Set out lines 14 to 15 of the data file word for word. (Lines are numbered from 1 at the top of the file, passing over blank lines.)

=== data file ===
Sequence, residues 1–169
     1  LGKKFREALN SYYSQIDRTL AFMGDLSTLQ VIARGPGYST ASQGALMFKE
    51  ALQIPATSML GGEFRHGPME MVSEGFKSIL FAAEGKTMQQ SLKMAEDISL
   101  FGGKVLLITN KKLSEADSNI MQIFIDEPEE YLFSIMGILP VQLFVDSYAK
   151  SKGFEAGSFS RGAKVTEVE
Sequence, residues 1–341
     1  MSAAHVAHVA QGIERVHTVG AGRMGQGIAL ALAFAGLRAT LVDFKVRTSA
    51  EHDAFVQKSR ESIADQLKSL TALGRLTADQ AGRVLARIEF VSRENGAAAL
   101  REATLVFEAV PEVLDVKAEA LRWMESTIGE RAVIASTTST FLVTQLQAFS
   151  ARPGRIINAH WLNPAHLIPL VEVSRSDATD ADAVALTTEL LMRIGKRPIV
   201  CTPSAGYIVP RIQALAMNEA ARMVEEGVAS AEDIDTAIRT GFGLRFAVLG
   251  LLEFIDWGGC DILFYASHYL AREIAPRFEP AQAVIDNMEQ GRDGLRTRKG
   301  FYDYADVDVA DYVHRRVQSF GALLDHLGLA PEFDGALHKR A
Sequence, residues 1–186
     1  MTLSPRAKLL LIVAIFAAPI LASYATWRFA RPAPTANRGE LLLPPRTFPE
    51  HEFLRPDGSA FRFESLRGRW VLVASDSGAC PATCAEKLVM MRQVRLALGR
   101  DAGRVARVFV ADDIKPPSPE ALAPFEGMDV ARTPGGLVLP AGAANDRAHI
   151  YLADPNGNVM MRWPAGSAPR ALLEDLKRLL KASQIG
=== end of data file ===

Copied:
Sequence, residues 1–186
     1  MTLSPRAKLL LIVAIFAAPI LASYATWRFA RPAPTANRGE LLLPPRTFPE